“That seems pretty nonsensical to me. Although… There were many isotope incubators that went into the rain and died there. Maybe he was talking about that in the middle part,” Atlas said thoughtfully, “and if I read this correctly, we may have company soon.” He looked back at the brain and said: “Sagamund’s brain, can you shut this city down so I can destroy it?” he asked.
Nanashi and Ayveron were both exchanged a strange look, but he saw no reason not to ask first.
This query has been recognized. Primary protocols must be observed at all times. The seven centimeter intersecting plug connects the Darmstadt-Processor control chain to the data-core interface. The seventeen individual processers monitor protocol vio-
Suspicious behavior detected in the active thought-process. Queuing Darmstadt-Processors 4 through 10 to initiate Chain-Purger-Algorithm.
“What was that? It just completely changed!” Atlas said in surprise. Also he did not understand the reply at all, only that it seemed to be, in fact, a reply.
Ayveron shoved him out of the way and read the text that was slowly being pushed off the screen by new, less insightful, nonsensical lines that seemed to reflect an eerie sense of bliss. “Those were instructions! That is why he was interrupted! By the gears, of course he is doing as the city wants, don’t you understand?” Ayveron asked in a both excited and disturbed tone.
Atlas looked at the screen and then shook his head. “No. No, I can safely say that I understand nothing at all. I have no idea what is going on.”
Ayveron was already inspecting the brain cylinder while replying: “Borealis sometimes shares outdated research and concept papers with the technocrats of Altonar. While the old faction of the technocrats keeps to itself for the most part, they like to keep up good relations with the less developed technocrats of the Great Land.”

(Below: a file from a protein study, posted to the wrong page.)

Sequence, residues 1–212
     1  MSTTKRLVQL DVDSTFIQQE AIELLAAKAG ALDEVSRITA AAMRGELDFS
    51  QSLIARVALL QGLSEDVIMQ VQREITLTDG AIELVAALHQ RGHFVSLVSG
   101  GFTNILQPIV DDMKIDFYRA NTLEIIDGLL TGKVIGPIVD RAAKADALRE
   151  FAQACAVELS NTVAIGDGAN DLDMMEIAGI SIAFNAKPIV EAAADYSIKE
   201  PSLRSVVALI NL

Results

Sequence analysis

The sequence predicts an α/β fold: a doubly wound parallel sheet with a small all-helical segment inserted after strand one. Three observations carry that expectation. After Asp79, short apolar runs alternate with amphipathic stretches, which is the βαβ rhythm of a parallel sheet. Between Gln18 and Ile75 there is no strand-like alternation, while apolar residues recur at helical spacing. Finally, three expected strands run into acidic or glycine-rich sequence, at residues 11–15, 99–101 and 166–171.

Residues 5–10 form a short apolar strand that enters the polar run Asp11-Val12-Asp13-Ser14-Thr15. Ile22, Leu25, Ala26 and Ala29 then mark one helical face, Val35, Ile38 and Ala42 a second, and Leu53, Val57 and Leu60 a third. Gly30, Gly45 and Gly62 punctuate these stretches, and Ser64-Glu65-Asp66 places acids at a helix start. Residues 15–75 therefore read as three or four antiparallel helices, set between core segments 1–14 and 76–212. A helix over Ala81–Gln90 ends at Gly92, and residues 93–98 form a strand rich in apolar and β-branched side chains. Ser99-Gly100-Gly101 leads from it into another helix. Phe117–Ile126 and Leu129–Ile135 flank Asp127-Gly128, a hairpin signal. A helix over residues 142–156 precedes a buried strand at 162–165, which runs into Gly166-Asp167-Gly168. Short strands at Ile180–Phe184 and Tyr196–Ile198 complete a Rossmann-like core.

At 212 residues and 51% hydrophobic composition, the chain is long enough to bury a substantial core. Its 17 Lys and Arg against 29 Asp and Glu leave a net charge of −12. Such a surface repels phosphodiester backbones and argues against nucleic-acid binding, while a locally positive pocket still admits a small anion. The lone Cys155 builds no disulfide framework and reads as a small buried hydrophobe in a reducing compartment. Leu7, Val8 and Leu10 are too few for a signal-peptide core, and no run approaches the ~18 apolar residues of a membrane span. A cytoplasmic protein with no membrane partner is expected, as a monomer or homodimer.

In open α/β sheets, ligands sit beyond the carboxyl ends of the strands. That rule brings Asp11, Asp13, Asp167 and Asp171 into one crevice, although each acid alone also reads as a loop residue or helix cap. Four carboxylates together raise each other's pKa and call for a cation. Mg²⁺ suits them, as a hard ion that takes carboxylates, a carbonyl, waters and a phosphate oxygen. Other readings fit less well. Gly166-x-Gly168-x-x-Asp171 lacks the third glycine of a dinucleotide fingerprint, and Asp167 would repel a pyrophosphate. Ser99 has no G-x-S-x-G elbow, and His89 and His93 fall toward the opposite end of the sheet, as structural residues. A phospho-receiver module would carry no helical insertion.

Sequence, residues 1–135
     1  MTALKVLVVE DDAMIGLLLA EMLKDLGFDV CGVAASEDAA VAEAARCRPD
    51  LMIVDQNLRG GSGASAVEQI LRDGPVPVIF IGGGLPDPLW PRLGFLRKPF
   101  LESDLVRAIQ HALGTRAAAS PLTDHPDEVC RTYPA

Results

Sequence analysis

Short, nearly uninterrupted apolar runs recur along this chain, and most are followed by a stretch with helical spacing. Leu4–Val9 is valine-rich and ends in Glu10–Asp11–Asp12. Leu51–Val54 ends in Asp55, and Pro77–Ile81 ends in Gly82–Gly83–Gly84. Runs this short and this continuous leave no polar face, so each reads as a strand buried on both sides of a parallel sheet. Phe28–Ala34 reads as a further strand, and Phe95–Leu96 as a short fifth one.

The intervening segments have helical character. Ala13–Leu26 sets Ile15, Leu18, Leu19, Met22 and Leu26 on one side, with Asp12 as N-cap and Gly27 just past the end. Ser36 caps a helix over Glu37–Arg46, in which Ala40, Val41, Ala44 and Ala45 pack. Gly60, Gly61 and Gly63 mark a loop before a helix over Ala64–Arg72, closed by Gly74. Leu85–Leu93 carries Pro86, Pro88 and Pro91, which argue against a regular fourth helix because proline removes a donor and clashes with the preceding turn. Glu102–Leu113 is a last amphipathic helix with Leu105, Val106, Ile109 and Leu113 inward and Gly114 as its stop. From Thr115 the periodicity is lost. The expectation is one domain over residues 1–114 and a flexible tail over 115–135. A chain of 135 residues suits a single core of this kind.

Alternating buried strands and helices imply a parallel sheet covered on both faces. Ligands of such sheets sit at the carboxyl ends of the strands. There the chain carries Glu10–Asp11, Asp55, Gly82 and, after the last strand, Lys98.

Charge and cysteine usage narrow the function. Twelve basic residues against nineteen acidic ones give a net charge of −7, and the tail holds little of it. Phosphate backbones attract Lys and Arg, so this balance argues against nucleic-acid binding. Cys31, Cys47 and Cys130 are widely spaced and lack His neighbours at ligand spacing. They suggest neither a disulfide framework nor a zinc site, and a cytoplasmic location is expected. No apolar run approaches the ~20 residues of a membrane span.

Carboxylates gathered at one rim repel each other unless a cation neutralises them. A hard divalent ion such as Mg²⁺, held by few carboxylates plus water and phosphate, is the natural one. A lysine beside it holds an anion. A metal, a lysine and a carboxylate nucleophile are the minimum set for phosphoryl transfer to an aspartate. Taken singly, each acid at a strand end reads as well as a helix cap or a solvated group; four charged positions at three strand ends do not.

“And this is relevant how?” Atlas asked with a doubtful voice.
Ayveron had by now found a panel in the base of the cylinder and removed it to lay bare strange layers of wire. “I have read many papers on research the technocrats of Borealis have conducted. I was surprised when I read ‘Neurocomputation’ as one of the areas of study on the front of this building, but now it all makes sense: When you calculate something simple, you can just add up in your head, right? Like one plus one? But the more complex a calculation gets, the more you have to rely on calculation tables and formulas, and the longer you need to solve an equation. Well the idea of computation is to have a machine solve the problem for you. The technocrats of Borealis, however, recognized the brain as an already fully developed computation device of extreme complexity and began experimenting on it to harness its power for that purpose, well uh, after already working with resonance computation for a while, actually.”
Atlas raised a brow. “You started that explanation with ‘brains aren’t good enough to calculate complex things on their own’ and ended it with ‘so they used brains’. What, they just cracked peoples’ heads open and fiddled around with their gray matter? No wonder this catastrophe happened!”
“No! They experimented on rats and other laboratory animals. And their earliest and most implemented success was by a neurocomputation professor called Mark Darmstadt, who developed a signal processor and later an operating system designed to work together with the preserved brains of rats.” He pulled out a small metal ball with wires plugged into one side right out of the cabling that ran through the inside of the cylinder and held it up so the others could see. “Here, this is called a Darmstadt Processor. If I read the output on the screen correctly, I am guessing that a series of those are linked with the brain of Sagamund, forcing it to work as the primary processor for this city, because they themselves do not have the capacity to do so on their own.”
“So… we destroy those?” Atlas asked. The explanation was long-winded enough for him to catch up, more or less, but he still wasn’t sure if he had heard correctly.
“Well yes, or I could just unplug them, if you give me a moment.”
Atlas gave him a moment.
As Ayveron plugged out the strange metal casings, the speed at which text appeared on the screen increased more and more, until the last one was unplugged and the only words showing over and over were: ‘What have I done?’